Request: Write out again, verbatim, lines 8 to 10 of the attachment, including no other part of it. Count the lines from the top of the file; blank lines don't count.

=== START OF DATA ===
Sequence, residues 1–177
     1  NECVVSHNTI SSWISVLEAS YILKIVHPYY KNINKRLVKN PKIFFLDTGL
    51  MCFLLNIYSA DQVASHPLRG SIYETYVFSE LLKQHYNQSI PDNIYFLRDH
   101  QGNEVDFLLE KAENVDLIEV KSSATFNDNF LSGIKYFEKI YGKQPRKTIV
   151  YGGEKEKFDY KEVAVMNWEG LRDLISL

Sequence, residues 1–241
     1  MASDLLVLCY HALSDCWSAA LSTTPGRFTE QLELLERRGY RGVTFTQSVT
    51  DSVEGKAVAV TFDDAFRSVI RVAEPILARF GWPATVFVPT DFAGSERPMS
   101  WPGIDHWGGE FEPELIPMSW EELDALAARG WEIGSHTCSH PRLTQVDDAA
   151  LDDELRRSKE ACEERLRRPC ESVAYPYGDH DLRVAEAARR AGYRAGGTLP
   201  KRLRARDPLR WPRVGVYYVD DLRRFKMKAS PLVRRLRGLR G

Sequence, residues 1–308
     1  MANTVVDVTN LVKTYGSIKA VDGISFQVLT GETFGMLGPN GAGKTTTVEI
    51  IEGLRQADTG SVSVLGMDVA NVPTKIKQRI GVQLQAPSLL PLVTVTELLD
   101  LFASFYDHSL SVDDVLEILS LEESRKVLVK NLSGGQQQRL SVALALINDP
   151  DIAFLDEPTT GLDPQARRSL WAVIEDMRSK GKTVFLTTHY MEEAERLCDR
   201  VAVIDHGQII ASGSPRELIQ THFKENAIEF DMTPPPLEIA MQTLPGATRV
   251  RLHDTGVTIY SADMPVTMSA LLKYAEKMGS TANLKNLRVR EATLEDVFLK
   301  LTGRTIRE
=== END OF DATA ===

    51  DSVEGKAVAV TFDDAFRSVI RVAEPILARF GWPATVFVPT DFAGSERPMS
   101  WPGIDHWGGE FEPELIPMSW EELDALAARG WEIGSHTCSH PRLTQVDDAA
   151  LDDELRRSKE ACEERLRRPC ESVAYPYGDH DLRVAEAARR AGYRAGGTLP